Frank H. Shaw
Until as late as 1950, the leading resin in terms of annual U.S. consumption tonnage was not a thermoplastic but a thermoset: phenolic. For many years prior to that time, two of the techniques widely used for processing phenolic and other thermoset materials were compression molding and transfer molding. The later was an over compression molding in that it made the encapsulation of metal inserts easier and more controllable. Even today transfer molding is widely used to insert-mold devises in the semiconductor industry.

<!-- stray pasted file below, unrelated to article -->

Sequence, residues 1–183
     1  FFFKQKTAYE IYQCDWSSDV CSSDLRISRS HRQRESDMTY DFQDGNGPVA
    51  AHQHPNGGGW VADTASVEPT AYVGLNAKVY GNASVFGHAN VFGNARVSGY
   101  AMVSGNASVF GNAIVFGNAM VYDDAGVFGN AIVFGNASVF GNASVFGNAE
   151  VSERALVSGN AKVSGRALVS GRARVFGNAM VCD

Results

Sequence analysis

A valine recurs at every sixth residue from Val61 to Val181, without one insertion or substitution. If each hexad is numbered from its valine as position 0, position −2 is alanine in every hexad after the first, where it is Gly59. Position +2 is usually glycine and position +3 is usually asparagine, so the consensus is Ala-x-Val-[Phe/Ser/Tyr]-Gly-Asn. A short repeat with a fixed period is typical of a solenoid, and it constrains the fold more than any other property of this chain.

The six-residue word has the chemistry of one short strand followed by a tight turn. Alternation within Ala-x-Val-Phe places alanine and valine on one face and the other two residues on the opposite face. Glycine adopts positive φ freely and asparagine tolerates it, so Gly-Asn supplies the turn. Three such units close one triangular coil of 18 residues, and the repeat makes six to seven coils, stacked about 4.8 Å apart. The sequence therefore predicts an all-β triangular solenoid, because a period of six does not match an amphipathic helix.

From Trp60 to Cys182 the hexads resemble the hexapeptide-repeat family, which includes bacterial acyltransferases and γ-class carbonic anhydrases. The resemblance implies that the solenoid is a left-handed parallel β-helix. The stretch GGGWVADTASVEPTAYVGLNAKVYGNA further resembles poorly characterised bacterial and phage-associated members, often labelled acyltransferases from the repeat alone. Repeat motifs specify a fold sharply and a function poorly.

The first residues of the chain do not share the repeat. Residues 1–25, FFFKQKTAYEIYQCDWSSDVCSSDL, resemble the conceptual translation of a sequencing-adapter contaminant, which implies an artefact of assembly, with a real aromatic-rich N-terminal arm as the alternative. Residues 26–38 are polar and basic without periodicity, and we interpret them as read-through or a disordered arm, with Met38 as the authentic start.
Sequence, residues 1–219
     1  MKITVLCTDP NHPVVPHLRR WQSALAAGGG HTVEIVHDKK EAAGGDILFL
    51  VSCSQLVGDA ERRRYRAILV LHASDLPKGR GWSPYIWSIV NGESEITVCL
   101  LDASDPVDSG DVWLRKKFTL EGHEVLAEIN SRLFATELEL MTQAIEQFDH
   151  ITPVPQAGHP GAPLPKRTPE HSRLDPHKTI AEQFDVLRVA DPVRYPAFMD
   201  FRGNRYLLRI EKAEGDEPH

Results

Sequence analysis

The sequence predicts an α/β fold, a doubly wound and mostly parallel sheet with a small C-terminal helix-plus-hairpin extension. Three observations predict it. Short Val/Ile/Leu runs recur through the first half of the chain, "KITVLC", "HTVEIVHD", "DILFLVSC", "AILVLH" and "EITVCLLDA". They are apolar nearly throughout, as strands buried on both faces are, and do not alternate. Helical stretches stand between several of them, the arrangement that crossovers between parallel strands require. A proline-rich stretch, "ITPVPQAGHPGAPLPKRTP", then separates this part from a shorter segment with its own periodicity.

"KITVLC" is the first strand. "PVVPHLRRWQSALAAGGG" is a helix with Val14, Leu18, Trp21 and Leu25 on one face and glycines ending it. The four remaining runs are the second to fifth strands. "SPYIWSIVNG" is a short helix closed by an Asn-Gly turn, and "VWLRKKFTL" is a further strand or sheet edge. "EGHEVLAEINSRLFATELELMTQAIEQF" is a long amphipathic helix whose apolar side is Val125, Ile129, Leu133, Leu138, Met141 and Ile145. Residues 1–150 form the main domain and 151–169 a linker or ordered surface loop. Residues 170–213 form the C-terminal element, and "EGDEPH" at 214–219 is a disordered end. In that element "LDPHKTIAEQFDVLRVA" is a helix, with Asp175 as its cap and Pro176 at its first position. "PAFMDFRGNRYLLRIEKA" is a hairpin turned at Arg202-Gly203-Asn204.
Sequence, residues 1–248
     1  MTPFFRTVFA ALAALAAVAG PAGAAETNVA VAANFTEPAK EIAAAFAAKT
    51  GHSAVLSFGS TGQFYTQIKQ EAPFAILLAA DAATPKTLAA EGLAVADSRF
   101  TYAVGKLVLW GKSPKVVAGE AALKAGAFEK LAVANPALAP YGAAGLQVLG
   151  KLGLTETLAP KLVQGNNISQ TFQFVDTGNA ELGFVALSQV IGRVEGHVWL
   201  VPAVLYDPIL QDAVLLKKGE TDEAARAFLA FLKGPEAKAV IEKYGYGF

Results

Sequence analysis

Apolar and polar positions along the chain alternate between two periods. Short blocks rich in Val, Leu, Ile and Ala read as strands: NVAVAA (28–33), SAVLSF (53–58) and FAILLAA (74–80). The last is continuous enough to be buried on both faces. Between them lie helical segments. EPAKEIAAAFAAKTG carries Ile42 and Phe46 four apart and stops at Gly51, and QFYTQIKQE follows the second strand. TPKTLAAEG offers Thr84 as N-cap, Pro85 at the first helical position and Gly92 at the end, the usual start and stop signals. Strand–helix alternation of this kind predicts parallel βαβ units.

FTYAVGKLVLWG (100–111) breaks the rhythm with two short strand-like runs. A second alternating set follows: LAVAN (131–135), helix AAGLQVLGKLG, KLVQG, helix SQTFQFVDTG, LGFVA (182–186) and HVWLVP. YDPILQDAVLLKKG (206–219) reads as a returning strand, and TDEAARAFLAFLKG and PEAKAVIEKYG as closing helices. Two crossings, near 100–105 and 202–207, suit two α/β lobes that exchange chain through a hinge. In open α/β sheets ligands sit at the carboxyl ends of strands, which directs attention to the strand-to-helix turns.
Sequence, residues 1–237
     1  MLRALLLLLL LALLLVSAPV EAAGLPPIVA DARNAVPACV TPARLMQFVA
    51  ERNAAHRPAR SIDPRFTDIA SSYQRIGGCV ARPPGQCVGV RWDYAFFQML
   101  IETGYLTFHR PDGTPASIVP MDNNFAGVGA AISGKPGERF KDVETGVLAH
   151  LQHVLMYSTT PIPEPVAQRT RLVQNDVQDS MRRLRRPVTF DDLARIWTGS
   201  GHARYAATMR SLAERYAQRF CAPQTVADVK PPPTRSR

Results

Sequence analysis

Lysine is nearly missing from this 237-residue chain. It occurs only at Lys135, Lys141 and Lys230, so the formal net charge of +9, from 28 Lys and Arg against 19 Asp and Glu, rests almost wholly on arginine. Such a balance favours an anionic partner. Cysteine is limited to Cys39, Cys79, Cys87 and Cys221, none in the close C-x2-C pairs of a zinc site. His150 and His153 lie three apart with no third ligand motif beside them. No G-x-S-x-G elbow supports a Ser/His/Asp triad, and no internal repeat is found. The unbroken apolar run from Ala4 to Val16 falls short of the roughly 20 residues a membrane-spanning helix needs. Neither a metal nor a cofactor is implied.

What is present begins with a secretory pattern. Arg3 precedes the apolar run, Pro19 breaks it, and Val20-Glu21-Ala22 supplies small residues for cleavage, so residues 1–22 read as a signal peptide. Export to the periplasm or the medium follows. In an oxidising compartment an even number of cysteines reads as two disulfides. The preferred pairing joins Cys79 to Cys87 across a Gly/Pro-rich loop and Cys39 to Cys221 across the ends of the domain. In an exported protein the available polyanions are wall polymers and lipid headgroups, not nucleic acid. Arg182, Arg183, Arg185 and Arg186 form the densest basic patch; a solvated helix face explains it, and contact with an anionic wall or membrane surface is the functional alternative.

In 1926, Frank Shaw led a team of molding experts at the Shaw Insulation Company in developing the transfer molding process. For this achievement, in 1943 Shaw received the plastics industry’s highest honor at the time: the John Wesley Hyatt Award. He earned a military citation for his work during WW II on the M-52 mortar fuse and on firing pins.
Shaw also made plastics history as one of the small group of industry people who met in 1937 at a resort in Shawnee-on-Delaware, Pennsylvania, to form the Society of the Plastics Industry. Inc. (SPI), the leading plastics trade association in the U.S.